Wednesday, October 4, 2017

Leah Libresco destroys gun control talking points

It is true.  One reason that gun control is resisted is a lack of trust.  Gun control is, as often as not, a progressive thing.  And over the last few generations, progressive movements have lost faith among non-liberal Americans.

One need only look at where 'being religiously tolerant' or 'opposing violence against homosexuals' ended up going.  Both seemed good in their day, but check the reality of where they ended up.

Part of the lack of trust also comes from the fact that arguments for gun control are based on a lot of things, but facts usually aren't among them.  Lots of name calling, yelling, emotional appeals, and ignorance fill the arguments.  Sometimes facts are used, but only when those facts support gun control, with other facts conveniently ignored.   Lies, too.  Stereotypes seem to be a big talking point.  But all of these things don't make good arguments.

Ms. Libresco doesn't own guns, and she is far from some right wing gun toting caricature.  She did what many who want to find a solution actually do: She looked at the facts.  She looked for the truth.  And she discovered that much of what gun control advocates say isn't true.  It's not accurate.  Some, as in Hillary Clinton's addition to her 'why I lost' column, are laughably false.  The fact that politicians so ignorant about the subject they're speaking about should give us pause.

The only ones worse than those advocates who tell lies or speak stupid, are those who blindly hang on their every word and heap scorn and loathing upon people rather than make an argument.  Even when such falsehoods come from the MSM.

No, we must do something.  There are plenty of problems in our culture, and it's not as if one side is alone wrong about everything.  I'm all for looking for solutions, but solutions based on  facts, not bias, not politics, not stereotypes, not self-righteousness.  I'm all for solutions.  I'm just not for ignoring the facts, and then using the misinformation to establish self-righteous inquisitions against those who actually seem to care.  But that's just me.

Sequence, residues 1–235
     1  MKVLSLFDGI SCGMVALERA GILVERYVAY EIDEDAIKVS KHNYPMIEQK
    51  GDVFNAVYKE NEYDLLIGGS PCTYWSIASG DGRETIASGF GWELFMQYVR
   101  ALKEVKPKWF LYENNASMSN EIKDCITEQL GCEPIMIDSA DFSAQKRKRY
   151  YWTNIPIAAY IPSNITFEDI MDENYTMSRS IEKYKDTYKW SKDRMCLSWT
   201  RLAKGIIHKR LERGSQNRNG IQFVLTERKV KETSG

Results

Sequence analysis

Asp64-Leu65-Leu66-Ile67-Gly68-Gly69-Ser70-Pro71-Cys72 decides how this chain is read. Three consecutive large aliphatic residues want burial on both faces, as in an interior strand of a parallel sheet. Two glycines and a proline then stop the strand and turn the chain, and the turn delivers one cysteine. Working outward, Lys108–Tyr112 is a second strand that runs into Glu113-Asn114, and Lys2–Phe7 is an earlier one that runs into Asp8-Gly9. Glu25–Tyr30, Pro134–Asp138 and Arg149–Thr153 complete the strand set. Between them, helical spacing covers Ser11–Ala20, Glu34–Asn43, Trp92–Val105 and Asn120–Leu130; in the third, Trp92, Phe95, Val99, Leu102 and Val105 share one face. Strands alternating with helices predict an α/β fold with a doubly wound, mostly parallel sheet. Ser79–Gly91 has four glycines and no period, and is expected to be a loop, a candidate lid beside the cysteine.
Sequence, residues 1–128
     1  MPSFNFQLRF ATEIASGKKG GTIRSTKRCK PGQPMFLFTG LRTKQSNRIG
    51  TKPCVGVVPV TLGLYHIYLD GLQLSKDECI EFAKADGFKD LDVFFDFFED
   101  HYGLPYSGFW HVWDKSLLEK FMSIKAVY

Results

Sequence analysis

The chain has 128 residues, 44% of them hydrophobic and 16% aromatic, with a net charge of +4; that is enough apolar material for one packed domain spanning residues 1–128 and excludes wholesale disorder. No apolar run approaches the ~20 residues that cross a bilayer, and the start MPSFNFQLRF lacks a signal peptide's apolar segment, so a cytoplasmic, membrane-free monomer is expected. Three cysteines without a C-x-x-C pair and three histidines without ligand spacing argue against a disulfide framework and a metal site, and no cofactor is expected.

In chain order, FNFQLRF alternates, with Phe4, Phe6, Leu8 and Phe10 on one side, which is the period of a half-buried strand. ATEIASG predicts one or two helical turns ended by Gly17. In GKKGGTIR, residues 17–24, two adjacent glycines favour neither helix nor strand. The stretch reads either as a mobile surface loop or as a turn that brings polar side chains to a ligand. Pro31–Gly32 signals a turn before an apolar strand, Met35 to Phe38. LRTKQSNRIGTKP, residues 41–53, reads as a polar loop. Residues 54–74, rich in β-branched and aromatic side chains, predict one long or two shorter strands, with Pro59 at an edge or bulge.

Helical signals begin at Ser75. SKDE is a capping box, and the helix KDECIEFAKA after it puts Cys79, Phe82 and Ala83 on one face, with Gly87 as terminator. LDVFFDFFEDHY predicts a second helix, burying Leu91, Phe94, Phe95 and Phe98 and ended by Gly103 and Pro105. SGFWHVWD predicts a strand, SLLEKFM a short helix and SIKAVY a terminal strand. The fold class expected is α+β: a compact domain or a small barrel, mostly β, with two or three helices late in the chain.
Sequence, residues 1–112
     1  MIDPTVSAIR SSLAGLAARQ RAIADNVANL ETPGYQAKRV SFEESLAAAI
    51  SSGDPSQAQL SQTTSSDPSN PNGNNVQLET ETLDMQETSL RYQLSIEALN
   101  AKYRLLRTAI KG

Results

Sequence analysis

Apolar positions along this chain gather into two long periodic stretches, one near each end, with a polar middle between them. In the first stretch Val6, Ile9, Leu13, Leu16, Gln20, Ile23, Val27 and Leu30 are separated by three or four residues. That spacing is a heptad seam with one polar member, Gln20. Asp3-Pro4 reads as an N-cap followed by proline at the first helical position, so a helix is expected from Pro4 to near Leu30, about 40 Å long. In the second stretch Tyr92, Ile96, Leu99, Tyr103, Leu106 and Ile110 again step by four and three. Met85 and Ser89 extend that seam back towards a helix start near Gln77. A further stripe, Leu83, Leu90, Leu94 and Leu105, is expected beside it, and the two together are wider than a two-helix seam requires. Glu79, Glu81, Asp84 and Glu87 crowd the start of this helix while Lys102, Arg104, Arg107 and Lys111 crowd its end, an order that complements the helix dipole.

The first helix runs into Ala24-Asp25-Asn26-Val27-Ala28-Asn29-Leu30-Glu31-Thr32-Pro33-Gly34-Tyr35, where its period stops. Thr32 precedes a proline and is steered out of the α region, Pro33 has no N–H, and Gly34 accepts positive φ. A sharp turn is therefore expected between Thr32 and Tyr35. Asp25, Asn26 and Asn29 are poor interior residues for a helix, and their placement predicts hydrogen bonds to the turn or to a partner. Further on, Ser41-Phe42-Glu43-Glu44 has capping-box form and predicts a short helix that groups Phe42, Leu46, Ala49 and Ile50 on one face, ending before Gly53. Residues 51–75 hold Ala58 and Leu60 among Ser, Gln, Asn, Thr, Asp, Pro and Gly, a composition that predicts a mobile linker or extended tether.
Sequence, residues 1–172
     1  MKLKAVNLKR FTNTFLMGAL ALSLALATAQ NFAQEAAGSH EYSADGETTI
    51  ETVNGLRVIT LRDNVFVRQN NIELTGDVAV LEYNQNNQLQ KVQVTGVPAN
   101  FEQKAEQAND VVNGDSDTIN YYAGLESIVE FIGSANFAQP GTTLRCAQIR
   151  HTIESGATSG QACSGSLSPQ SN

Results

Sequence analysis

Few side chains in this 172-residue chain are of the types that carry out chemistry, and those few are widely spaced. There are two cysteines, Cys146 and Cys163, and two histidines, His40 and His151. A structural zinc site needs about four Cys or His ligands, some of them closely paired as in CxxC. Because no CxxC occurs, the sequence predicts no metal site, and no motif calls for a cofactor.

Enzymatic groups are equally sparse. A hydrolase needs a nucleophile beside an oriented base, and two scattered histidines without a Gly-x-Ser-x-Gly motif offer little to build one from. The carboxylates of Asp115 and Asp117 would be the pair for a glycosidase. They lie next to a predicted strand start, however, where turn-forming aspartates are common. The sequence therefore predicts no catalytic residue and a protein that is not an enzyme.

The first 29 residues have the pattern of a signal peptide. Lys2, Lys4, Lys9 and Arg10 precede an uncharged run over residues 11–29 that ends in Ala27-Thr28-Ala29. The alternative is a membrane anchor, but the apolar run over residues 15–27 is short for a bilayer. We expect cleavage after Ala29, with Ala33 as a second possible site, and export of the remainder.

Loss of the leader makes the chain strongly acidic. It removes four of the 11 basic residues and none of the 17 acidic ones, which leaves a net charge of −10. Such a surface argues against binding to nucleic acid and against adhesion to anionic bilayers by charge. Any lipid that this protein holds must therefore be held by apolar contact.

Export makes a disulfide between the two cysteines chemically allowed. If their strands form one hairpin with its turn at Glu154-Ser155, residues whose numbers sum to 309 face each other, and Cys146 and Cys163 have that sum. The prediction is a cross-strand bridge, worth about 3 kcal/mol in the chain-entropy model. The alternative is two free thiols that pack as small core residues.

1. One common argument I hear from gun-rights people is that maybe we should try enforcing the laws we already have before we pile a bunch more on that nobody's going to do anything about.

    1. I would be willing to break even if they would just propose solutions that would make a difference to the tragedies they are using in order to advance their solutions.

  2. Leah has written a useful piece, not so much that she refutes gun control advocates as that she provides a good example of how to analyze societies ills and the solutions she provides focus on individual instead of groups. So yes the data identifies groups who are high risk, but the solutions, are get out and deal with people as individuals.

    1. I think that's the best solution imaginaable. I've often thought of my Mom, who likes to say "when I was little, everyone knew each other. They sat on their porches, and we visited each other all the time, sitting on their swings, talking down the sidewalks." We live in a suburb of a large city. We know our immediate neighbors, and a couple others. I dare say I know more people from blogging than I do those who live down the street. And I'm not the only one to notice.


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